What does a person with cancer look like?
How should they act?
What kinds of things can they do? What can’t they do?
One Saturday, after I’d had a couple of chemo treatments and lost all my hair – but not my penchant for a glass of cabernet sauvignon of three in the evenings, or at lunch, or in a bath at 9am, or whenever I damn well pleased – we were invited to lunch at a friends house. As I poured myself a glass of yummy wine to have with lunch, I looked up to see one of my friends standing there glaring at me. Glaring. As he regarded me disdainfully, I smiled and raised my glass at him cheerily, to which he responded, “I see having cancer hasn’t affected your ability to knock back a drink.”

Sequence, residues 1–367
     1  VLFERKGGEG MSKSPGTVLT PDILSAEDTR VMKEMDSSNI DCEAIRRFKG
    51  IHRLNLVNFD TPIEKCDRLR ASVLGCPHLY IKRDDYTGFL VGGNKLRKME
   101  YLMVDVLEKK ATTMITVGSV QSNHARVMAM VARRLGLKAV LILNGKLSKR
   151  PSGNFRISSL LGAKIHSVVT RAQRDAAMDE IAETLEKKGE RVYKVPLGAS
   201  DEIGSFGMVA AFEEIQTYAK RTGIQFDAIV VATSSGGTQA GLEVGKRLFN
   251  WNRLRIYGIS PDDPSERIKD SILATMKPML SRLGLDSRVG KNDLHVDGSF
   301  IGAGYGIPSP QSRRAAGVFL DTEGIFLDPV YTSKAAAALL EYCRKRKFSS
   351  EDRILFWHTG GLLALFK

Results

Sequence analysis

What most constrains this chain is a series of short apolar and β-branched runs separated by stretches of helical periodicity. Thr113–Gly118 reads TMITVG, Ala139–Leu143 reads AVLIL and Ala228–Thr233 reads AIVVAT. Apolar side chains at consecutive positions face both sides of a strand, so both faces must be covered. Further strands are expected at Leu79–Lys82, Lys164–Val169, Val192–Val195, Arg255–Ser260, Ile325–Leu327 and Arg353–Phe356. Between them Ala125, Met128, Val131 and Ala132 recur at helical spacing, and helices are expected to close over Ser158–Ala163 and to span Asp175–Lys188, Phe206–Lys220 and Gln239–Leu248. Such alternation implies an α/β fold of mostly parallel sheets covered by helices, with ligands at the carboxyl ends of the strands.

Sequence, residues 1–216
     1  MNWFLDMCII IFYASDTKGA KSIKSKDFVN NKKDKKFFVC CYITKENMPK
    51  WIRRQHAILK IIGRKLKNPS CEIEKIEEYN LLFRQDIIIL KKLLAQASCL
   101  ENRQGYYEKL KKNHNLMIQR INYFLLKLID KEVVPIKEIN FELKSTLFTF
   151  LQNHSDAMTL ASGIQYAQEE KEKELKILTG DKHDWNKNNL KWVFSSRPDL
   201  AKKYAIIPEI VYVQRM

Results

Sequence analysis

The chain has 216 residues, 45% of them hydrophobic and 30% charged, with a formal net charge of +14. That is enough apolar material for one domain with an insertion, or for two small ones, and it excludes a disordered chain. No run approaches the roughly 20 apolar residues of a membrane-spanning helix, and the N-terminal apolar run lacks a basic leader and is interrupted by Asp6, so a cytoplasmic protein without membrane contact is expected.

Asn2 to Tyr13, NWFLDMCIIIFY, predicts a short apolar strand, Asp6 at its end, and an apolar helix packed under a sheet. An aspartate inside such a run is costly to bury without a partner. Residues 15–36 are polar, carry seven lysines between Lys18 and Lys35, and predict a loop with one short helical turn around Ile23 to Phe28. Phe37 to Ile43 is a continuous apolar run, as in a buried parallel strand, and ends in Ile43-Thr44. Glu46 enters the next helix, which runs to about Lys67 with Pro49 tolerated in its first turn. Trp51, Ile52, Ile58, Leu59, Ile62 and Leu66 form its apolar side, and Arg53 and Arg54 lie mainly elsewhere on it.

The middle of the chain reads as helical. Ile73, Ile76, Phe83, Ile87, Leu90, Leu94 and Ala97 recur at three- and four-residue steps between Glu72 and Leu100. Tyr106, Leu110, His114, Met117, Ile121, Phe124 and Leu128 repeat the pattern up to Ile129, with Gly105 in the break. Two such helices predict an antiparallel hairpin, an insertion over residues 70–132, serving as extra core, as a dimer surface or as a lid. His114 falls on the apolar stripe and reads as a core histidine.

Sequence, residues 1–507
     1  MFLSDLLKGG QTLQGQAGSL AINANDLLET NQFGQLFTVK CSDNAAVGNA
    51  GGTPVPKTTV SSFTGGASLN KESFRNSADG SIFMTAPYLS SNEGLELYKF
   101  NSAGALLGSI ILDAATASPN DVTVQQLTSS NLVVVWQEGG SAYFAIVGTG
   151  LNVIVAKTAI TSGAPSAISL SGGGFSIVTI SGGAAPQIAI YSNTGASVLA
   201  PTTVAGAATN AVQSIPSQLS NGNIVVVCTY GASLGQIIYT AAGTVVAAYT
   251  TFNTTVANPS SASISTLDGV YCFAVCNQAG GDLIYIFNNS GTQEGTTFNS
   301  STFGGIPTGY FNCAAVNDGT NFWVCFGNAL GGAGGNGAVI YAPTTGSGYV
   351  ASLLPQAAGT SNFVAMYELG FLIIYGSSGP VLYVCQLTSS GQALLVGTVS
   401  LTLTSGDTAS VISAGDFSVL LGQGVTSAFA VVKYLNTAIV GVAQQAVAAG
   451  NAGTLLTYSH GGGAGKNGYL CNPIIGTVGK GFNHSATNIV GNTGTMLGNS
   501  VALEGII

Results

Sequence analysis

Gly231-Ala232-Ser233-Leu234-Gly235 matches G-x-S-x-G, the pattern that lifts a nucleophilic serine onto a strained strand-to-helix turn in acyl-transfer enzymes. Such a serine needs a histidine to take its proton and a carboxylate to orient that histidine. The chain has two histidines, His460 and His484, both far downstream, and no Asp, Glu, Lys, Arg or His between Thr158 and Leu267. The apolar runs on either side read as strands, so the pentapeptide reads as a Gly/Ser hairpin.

Er, the fuck?
I was mad. I felt judged. His inference seemed to be that people with cancer did not simply drink wine at lunch with friends. Perhaps he’d have felt more comfortable if I’d taken to a deckchair on the patio in the shade with a knee rug, all Barbara-Hershey-from-Beaches. He’d clearly wanted a cancer hero, and was disappointed to find I was more your cancer wino.
We’re not friends any more, by the way.
The people you know with cancer haven’t changed that much. It may be they may consider the personal transformation part of having cancer to be totally optional. Your friend with cancer may continue to smoke, drink, be selfish and obnoxious, talk negative (the nerve) and even refuse to drink organic juice five times a day. You have two options. You can deal with it, or not.
Cancer is a jerk. Sometimes we who must put up with it simply don’t want it to change us, for better or worse, because it is a jerk.
Let’s all not be jerks too.
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